Exhibition: “The Portrait in the Royal Collections: from Juan de Flandes to Antonio López”.
Royal Palace, Madrid. December 4th, 2014-April 19th, 2015.
In the Early Modern period, as many studies had recently shown us, the royal portraits were sometimes used as a substitute of the royal person itself, as a true embodiment of the royal power. This is a special meaning of the royal visual imagery that had been a little lost in an age dominated by image technology, but we can sense once again in the rooms of temporary exhibition of the Royal Palace of Madrid, where you can see more than a hundred of portraits of different royal people that dominated Europe for more than half a millennium.
In this great exhibition, people can see some of the most important pieces of the Spanish Royal Collections, dating from the XVth century to the present, because the last painting shown here, an image of the late king of Spain Juan Carlos I’s family, has been presented to the public for the first time ever in this exhibition. With portraits that range from the painting that Roger van der Weyden made of Philip the Good, duke of Burgundy to the contemporary representation of the king Juan Carlos I made by Dalí, through the works of authors as important as Jakob Seisenegger, Antonio Moro, Juan Pantoja de la Cruz. Peter Paul Rubens, Hyacinthe Rigaud, Jean Ranc o Joaquín Sorolla, among many others, this exhibition show together paintings and sculptures that allow us to see the evolution of the royal representation and the conception of the relationship between image and royal power from the first decades of the Early Modern Age to the present.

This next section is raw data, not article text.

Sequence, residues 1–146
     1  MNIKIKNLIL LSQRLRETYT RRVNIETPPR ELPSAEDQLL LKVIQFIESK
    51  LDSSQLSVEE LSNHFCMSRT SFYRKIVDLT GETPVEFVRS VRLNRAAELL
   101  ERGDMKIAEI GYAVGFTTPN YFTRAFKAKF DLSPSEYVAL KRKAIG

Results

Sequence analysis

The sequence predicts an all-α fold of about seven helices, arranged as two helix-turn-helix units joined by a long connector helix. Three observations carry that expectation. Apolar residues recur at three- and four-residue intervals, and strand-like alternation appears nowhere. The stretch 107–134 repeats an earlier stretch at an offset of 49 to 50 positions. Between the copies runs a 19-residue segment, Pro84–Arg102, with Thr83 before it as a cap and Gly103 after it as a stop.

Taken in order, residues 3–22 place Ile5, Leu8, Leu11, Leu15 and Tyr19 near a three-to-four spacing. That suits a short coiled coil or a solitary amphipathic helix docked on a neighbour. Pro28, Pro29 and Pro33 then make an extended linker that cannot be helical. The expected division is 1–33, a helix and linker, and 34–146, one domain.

However, we must take into account that this exhibition isn’t exclusively focused on royal portraits. In fact, it tries to bring to light the most important examples of portraiture kept in the Spanish Royal Collections, so this exhibition shows some portraits that don’t represent royal people per se. But if we take into account that, of the 113 pieces shown in this exhibition, only seven of them represent people that aren’t usually considered as royals (even if they are members of the court closely linked to the royal family’s circle), we can consider this as an exhibition centered around the image of the royal family and the royal power through the centuries.
Even if it’s impossible for the people who know well the History of Art linked to the Spanish Monarchy to not miss the famous royal portraits that are shown at the Prado Museum and that aren’t in this exhibition, like the magnificent portraits made by Tiziano, the renowned royal representations made by Velázquez or the great Bourbon family paintings made by Van Loo or Goya, this exhibition has the added charm of showing portraits of a extraordinary quality and significance that are usually kept in less known monuments and, as a result, are sometimes almost unfamiliar for the great public. In fact, some of these paintings aren’t shown to the public in the places they are usually kept or are in places where they are difficult to see by the visitors; that’s why the possibility of enjoying some of the pieces shown in this exhibition can be considered as a real privilege. This is the case, for example, of the marvelous portraits of the little prince and princess Vasa of Poland (we will return to these portraits again later), kept in the magnificent convent of the Descalzas Reales of Madrid and are usually shown in a dark corridor where they are difficult to see and appreciate, so this exhibitions is probably the first time we can see these enchanting portraits in all their glory in years. Likewise, the interesting but mostly unknown engraving titled “The king’s lifting over the pavés in front of the Courts of Navarre”, made by Dionisio de Ollo, is usually out of the public view in its home in the Royal Library of the Royal Palace itself. This way, works that are kept in spaces as unfairly unknown by the general public as the mentioned convent of the Descalzas Reales, the Encarnación, the Santa María of Las Huelgas of Burgos or the Royal Palace of El Pardo, for example, have the opportunity to be seen and enjoyed by a greater number of people of all nations. This exhibition presents to the great public paintings and sculptures of great quality and significance that will thrill even the most expert of royal historians.